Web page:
Abstract [en]

    This discussion paper is aimed to map content analysis in the qualitative paradigm and explore common methodological challenges. We discuss phenomenological descriptions of manifest content and hermeneutical interpretations of latent content. We demonstrate inductive, deductive, and abductive approaches to qualitative content analysis, and elaborate on the level of abstraction and degree of interpretation used in constructing categories, descriptive themes, and themes of meaning. With increased abstraction and interpretation comes an increased challenge to demonstrate the credibility and authenticity of the analysis. A key issue is to show the logic in how categories and themes are abstracted, interpreted, and connected to the aim and to each other. Qualitative content analysis is an autonomous method and can be used at varying levels of abstraction and interpretation.

  • 3.
    Pennbrant, Sandra
    et al.
    University West, Department of Nursing, Health and Culture, Divison of Caring Sciences, postgraduate level.
    Skyvell Nilsson, Maria
    University West, Department of Nursing, Health and Culture, Divison of Caring Sciences, undergraduate level.
    Öhlén, Joakim
    University of Gothenburg, Sahlgrenska Academy, Institute of Health Care Sciences.
    Rudman, Ann
    Karolinska Institutet, Department of Clinical Neuroscience.
    Mastering the professional role as a newly graduated registered nurse2013In: Nurse Education Today, ISSN 0260-6917, E-ISSN 1532-2793, Vol. 33, no 7, p. 739-745Article in journal (Refereed)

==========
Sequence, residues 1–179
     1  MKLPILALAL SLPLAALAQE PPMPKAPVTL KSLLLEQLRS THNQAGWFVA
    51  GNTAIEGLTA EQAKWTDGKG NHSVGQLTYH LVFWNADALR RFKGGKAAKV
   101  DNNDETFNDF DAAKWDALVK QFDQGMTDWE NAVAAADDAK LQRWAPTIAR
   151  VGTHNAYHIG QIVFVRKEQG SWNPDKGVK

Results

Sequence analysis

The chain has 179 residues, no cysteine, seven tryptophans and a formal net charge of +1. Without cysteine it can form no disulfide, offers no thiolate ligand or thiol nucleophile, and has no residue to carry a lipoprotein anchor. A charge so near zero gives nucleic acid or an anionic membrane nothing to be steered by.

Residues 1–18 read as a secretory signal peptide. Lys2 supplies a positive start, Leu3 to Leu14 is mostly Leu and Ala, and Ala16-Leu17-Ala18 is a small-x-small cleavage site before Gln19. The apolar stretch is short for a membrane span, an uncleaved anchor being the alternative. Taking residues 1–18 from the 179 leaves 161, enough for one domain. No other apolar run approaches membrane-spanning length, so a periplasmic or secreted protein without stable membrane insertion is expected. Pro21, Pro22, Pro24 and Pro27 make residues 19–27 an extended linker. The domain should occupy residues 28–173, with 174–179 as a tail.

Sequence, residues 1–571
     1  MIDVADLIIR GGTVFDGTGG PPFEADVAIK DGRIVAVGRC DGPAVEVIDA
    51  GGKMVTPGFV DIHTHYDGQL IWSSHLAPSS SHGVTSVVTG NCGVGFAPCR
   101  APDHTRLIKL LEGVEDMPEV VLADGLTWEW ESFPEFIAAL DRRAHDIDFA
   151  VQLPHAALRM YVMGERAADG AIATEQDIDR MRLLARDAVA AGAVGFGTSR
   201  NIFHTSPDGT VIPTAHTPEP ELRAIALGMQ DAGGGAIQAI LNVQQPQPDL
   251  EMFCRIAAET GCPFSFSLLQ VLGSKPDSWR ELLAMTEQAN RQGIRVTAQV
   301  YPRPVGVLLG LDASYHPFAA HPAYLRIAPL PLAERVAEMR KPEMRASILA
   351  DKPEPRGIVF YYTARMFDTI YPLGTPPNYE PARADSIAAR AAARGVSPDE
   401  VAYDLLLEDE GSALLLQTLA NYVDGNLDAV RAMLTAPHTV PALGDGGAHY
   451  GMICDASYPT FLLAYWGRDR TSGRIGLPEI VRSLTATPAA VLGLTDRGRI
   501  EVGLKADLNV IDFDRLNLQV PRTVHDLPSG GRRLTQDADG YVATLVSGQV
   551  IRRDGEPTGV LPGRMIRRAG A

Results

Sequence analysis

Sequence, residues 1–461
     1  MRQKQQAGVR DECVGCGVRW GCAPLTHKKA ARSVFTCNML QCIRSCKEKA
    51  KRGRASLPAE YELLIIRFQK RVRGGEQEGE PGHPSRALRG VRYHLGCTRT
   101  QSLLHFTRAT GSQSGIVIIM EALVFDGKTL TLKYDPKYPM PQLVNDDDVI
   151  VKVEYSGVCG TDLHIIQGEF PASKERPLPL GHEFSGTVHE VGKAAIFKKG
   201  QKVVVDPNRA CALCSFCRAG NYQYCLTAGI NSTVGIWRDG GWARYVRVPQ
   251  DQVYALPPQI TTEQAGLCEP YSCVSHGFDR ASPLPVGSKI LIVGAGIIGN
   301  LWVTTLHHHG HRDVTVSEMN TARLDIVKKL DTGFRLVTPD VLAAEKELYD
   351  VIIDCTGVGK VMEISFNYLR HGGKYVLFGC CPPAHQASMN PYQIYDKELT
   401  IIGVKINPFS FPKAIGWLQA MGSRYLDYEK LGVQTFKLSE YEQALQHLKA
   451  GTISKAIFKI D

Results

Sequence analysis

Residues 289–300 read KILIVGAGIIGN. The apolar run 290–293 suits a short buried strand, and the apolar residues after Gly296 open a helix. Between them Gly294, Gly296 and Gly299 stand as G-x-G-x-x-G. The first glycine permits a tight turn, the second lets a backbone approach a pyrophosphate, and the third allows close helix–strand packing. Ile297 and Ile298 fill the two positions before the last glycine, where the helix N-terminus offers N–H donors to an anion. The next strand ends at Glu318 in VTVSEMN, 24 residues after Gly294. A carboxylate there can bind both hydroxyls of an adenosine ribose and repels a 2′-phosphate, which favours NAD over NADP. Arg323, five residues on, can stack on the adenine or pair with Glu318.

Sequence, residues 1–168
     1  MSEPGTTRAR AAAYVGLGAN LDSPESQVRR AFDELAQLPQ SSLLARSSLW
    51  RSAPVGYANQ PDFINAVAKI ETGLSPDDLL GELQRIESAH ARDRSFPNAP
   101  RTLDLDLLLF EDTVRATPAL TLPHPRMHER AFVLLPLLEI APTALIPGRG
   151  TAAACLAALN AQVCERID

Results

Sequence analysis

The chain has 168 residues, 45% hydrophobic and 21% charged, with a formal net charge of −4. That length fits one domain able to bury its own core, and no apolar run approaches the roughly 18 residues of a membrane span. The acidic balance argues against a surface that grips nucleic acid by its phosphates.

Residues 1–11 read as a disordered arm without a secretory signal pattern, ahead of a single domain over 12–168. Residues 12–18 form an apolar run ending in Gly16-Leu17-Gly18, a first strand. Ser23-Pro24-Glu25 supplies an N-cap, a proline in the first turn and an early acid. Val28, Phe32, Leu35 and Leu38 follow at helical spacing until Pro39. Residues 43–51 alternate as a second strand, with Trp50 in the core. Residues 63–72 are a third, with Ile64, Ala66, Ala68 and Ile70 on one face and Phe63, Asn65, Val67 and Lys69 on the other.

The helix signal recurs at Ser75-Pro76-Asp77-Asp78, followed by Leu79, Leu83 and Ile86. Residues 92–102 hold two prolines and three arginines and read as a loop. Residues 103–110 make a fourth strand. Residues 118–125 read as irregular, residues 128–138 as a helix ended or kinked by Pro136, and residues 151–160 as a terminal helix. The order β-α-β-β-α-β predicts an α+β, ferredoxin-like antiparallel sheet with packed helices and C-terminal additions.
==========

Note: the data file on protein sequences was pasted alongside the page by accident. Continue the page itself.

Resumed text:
Abstract [en]

    Professional development is a process starting during undergraduate education and continuing throughout working life. A new nurse's transition from school to work has been described as difficult. This study aims to develop a model describing the professional development of new nurses during their first years of work. To develop this model, constant comparative analyses were performed. The method was a qualitative study of survey data on 330 registered nurses. The results showed that mastering the professional role was the result of an ongoing process building on the nurse's experiences and interactions with the surrounding environment. The professional developmental process involves the following interrelated sub-processes: evaluating and re-evaluating educational experiences, developing professional self-efficacy and developing clinical competence. These sub-processes are influenced by the following factors: social values and norms, healthcare organization, management of new nurses, co-workers, patients and significant others and the nurse's own family and friends. These factors affect professional development directly, indirectly or as mediating influences and can lead to possible outcomes, as new nurses choose to remain in or leave the profession. The results underscore the importance of developing a professional nursing role within the new working context. To facilitate this professional development, new nurses need support from their nursing-school educators and their healthcare employers. The model described here will be the subject of further measurement and testing. © 2012 Elsevier Ltd.

  • 4.
    Rejnö, Åsa
    et al.
    University West, Department of Health Sciences, Section for nursing - graduate level. Stroke Unit, Skaraborg Hospital, 541 85 Skövde, Sweden.
    Nordin, Per
    The Skaraborg Institute for Research and Development, Skövde, Sweden.
    Forsgren, Susanne
    University West, Department of Health Sciences, Section for nursing - undergraduate level.
    Sundell, Yvonne
    University West, Department of Health Sciences.
    Rudolfsson, Gudrun
    University West, Department of Health Sciences, Section for nursing - graduate level. Nord University, Faculty of Professional Studies, Bodø, Norway.